What’s more, the C6 is a prime example of how not to launch a car. The C6 Lignage—which previewed the design of the production C6—was shown in 1999, a full six years before the car went on sale. Offered at a far higher price point, it never matched the success of its predecessor, the angular and futuristic XM.

On the plus side, the C6 was a daring design, evoking memories of the classic Citroën DS and CX sedans. Its interior was stunning, with details such as gliding covers in the doors, and generously applied Mukonto wood, the sort used by the Zulu tribe to make spears. Far from perfect, the C6 had character. I liked it.

SEAT Ibiza Cupra

SEAT’s Flawed Hot Hatch

The hot hatch segment is in full bloom again in Europe. The latest entry is the SEAT Ibiza Cupra, a sister model to the Volkswagen Polo GTI with a 180-hp, turbocharged and supercharged 1.4-liter engine and a seven-speed dual-clutch automatic. Sadly, no manual is offered. Come on, in this class? Surely, there should be enough volume in the sporty versions of the Ibiza (and the architecturally similar Audi A1, Škoda Fabia, and VW Polo), to justify the application of a six-speed manual, like in their lesser siblings. It’s a good thing that PSA still offers two vehicles in this class with a manual: The Citroën DS3 Racing and the Peugeot 208 GTi. I’ll take one of those over an automatic VW Group car any time.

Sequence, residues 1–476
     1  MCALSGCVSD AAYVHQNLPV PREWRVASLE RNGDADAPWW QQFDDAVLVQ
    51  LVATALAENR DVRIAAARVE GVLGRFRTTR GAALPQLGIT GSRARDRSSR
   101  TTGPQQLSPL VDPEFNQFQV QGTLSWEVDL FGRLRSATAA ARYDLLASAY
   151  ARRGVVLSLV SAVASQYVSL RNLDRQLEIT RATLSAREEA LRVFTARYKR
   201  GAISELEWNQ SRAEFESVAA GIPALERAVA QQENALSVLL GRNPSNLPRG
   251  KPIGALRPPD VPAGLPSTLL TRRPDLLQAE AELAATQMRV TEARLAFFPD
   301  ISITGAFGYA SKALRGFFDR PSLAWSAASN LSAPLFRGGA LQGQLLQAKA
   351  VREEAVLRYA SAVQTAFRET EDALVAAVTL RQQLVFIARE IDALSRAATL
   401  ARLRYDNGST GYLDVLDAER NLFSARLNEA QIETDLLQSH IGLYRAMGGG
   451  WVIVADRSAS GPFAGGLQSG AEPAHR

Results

2013 Honda Accord

Sampling an American Favorite